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[plej] /plɛdʒ/
a solemn promise or agreement to do or refrain from doing something:
a pledge of aid; a pledge not to wage war.
something delivered as security for the payment of a debt or fulfillment of a promise, and subject to forfeiture on failure to pay or fulfill the promise.
the state of being given or held as security:
to put a thing in pledge.
  1. the act of delivering goods, property, etc., to another for security.
  2. the resulting legal relationship.
something given or regarded as a security.
a person accepted for membership in a club, fraternity, or sorority, but not yet formally approved.
an assurance of support or goodwill conveyed by drinking a person's health; a toast.
  1. a hostage.
  2. a person who becomes bail or surety for another.
verb (used with object), pledged, pledging.
to bind by or as if by a pledge:
to pledge hearers to secrecy.
to promise solemnly:
to pledge one's support.
to give or deposit as a pledge; pawn.
to stake, as one's honor.
to secure by a pledge; give a pledge for.
to accept as a pledge for club, fraternity, or sorority membership.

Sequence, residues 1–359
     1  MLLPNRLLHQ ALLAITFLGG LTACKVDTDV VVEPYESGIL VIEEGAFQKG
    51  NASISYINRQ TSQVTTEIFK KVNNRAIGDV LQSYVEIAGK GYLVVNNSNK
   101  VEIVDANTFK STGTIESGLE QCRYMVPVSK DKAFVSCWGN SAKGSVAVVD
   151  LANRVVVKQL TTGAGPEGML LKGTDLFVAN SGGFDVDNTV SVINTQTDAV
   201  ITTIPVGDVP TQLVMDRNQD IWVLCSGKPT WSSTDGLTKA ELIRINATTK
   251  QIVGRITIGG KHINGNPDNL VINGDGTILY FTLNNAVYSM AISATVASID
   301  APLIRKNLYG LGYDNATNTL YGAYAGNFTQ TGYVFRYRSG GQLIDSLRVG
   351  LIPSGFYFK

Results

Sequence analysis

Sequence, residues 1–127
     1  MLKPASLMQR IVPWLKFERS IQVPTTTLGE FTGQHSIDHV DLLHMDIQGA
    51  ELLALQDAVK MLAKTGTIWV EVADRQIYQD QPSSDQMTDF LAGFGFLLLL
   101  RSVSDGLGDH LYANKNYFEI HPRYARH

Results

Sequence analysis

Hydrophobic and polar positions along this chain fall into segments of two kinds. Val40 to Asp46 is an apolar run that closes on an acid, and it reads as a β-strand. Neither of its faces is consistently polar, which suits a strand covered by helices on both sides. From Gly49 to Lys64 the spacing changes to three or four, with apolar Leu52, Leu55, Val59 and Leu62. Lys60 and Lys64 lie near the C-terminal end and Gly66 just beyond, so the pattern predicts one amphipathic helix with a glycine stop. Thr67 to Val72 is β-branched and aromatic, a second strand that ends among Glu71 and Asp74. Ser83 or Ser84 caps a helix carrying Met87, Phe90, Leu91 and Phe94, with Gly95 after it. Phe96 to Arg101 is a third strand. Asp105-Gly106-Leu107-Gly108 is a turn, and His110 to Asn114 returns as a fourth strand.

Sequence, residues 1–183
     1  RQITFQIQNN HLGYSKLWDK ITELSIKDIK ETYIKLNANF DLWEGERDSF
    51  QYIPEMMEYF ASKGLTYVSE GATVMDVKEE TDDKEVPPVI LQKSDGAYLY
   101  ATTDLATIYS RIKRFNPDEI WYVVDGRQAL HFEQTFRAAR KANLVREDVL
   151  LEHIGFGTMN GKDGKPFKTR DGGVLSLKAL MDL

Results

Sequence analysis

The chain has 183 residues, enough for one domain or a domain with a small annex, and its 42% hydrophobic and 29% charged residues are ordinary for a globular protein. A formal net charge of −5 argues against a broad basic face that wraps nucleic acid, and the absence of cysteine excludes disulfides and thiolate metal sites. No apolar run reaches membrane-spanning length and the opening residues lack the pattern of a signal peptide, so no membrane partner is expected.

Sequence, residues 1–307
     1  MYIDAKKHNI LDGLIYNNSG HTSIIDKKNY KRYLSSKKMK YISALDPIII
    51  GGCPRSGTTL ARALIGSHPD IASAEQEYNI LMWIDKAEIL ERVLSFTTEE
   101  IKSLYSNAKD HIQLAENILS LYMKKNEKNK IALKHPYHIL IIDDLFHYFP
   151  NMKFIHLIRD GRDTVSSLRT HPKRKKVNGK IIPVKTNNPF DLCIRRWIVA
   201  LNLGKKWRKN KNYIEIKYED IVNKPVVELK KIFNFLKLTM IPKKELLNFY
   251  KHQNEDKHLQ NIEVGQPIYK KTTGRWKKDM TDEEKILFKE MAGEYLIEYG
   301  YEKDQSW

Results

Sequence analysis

to drink a health or toast to.
verb (used without object), pledged, pledging.
to make or give a pledge:
to pledge for someone.
to drink a pledge; toast someone's health, success, etc.
take the pledge, to make a solemn, formal vow to abstain from intoxicating drink.
Origin of pledge
early Medieval Latin
1275-1325; Middle English plege < Anglo-French < early Medieval Latin plevium, plebium, derivative of plebīre to pledge < Germanic; compare Old English plēon to risk, German pflegen to look after. See plight2
Related forms
pledgeable, adjective
pledger, noun
pledgeless, adjective
interpledge, verb (used with object), interpledged, interpledging.
prepledge, verb (used with object), prepledged, prepledging; noun
quasi-pledge, verb, quasi-pledged, quasi-pledging.
repledge, verb (used with object), repledged, repledging, noun
unpledged, adjective
2. warranty, surety, guaranty. Unabridged
Based on the Random House Dictionary, © Random House, Inc. 2017.
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Examples from the Web for pledging
Contemporary Examples
Historical Examples
  • He beckoned to the landlord to bring her a glass, and she drank of it, pledging the organist.

    The Nebuly Coat John Meade Falkner
  • pledging myself to this boy before I know how he will turn out.

    Free Air Sinclair Lewis
  • An authority to borrow money, by pledging the keel or bottom of the ship.

    The Sailor's Word-Book William Henry Smyth
  • To drink cosily; the act of touching glasses in pledging a health.

    The Sailor's Word-Book William Henry Smyth
  • They always were pledging them to our enemies, as an earnest that we would do what they wanted.

    Southern Arabia Theodore Bent
British Dictionary definitions for pledging


a formal or solemn promise or agreement, esp to do or refrain from doing something